Safety is the issue; and October is the month to emphasize to consumers the importance of upgrading existing, pre-2001 corded window coverings. It’s also the time to highlight the industry’s efforts to raise awareness of safety issues and to eliminate the problem by design.
Once again, the Window Covering Safety Council (WCSC) has joined
forces with the U.S. Consumer Product Safety Commission (CPSC) to
declare October National Window Covering Safety Month. The month-long,
nationwide campaign is designed to increase consumer awareness of
cord safety concerns and to urge parents with young children to
repair or replace pre-2001 corded blinds, shades and draperies with
today’s safer products.
The WCSC is spearheading public relations and safety month marketing
activities on behalf of the industry. As part of its ongoing public
information campaign, WCSC regularly disseminates news and informational
materials in the form of releases and feature stories for the print
and broadcast media and through partnerships with various public
and private organizations concerned with child safety, health and
well-being. These efforts include a special safety month page on
the WCSC Web site and cooperative promotional efforts with safety,
health and housing groups.
To simplify industry participation, the “Kids, Cords, Caution”
safety slogan introduced last year is again being used as the unifying
theme for this year’s campaign, as is the logo that depicts
a child’s hand grabbing the cords of a window blind.
EDUCATE, PROVIDE, PROMOTE
Since its inception in 1994, the WCSC, a coalition of major U.S.
manufacturers, importers and retailers of window coverings, has
made it its mission to:
• Educate Americans about potential window cord hazards facing
• Provide consumers with free cord repair devices and information.
• Promote the industry’s continuing commitment to product
quality and safety.
Since 1995, the WCSC has operated a national window cord safety
information and education program. WCSC provides artwork, ad templates
and cord safety information for reproduction and use by industry
members and retailers in promoting Safety Month. Materials can be
downloaded at no charge from the Internet at www.windowcoverings.org/industry.
Access requires a user name: Industry; and a password: October.
The council also provides consumers with free retrofit tassels,
tie-downs and cord stops for older window coverings. Consumers can
order free retrofit devices through the WCSC’s Web site at
www.windowcoverings.org, or its toll-free phone line at (800) 506-4636.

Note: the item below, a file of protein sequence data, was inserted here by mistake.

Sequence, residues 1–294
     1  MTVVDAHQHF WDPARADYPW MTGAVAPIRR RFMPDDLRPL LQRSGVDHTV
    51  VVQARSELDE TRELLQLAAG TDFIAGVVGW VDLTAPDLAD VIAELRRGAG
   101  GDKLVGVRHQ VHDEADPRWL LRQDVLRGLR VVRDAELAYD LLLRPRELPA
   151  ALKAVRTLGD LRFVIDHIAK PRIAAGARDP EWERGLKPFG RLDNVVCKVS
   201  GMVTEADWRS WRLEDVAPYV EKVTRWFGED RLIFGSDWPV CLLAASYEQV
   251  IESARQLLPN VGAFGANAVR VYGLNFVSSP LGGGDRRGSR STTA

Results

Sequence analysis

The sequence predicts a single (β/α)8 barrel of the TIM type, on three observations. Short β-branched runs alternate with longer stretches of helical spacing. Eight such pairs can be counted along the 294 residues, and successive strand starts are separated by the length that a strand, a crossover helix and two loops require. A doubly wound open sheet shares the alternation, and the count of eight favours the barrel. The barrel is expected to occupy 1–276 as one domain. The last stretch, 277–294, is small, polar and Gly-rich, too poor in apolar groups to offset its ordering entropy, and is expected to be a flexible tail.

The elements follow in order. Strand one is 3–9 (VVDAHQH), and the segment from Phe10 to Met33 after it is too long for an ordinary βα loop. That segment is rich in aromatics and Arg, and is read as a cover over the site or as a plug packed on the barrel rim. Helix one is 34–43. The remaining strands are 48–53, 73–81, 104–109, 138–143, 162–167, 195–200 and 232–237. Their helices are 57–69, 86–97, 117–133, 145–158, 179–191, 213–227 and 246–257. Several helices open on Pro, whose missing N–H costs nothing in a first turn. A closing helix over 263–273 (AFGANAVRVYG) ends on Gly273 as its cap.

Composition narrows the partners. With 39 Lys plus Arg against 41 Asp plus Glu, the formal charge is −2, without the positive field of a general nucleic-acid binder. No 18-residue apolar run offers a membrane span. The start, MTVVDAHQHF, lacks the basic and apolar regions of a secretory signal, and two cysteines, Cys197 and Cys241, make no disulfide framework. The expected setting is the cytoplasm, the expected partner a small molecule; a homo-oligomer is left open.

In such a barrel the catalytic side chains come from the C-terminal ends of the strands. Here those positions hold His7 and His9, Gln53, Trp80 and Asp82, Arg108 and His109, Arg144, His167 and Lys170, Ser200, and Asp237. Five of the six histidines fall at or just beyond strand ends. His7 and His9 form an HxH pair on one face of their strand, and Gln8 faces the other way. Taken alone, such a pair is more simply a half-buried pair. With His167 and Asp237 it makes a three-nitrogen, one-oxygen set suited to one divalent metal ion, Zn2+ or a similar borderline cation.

To date, these efforts have resulted in the repair of millions of
residential window coverings.
As Safety Month, October is an ideal time to remind customers that
if their mini-blinds or corded shades were purchased before 2001,
they should consider replacing them. Safety experts say they may
be a potential hazard to infants and toddlers who could accidentally
strangle on the cords.
Mini-blinds and pleated shades made before 1995 often have a looped
pull cord that can serve as an unintended noose when within reach
of a child. WCSC members eliminated looped pull cords on horizontal
blinds and shades in 1995, and in 1997 permanently attached tie-downs
for vertical blinds and draperies became an industry standard. In
2001, built-in cord stops were incorporated into the design of mini-blinds
and corded shades to help prevent small hands from pulling on inner
cords as well.
“Because cord safety features are now built into window coverings,
we believe parents will feel more confident about their child’s
safety if they replace their older window coverings with the products
now available,” explained WCSC Executive Director Peter Rush.
Another alternative is to retrofit pre-2001 corded blinds and window
coverings with retrofit devices.
Safety experts recommend that parents install cordless window coverings
in children’s bedrooms and play areas. Most traditionally corded
window fashions are now available in cordless styles through the
use of spring-loaded mechanisms, battery- or motor-operated lift
controls, or simple wand pulls. And innovative new designs come
in fabrics, metals and wood.
AWARENESS RISING, MORE WORK TO DO
Even better news is that industry efforts to raise awareness of
safety issues have been working. Ninety percent of Americans are
aware that the pull cords on certain draperies and window blinds
can pose a strangulation hazard to infants and young children. When
participants of a WCSC study were asked if they were aware of the
potential interior cord hazard in 2001, 65 percent of those polled
said, “Yes.” That number increased to 77 percent in 2002.
That means while awareness is increasing, a significant number of
Americans are still unaware of this important issue. The WCSC and
CPSC remain steadfast in their efforts to make every home safer.
Window Covering Safety Council; 355 Lexington Ave., 17th Floor,
New York, NY 10017-6603; (212) 297-2122; fax; (212) 370-9047.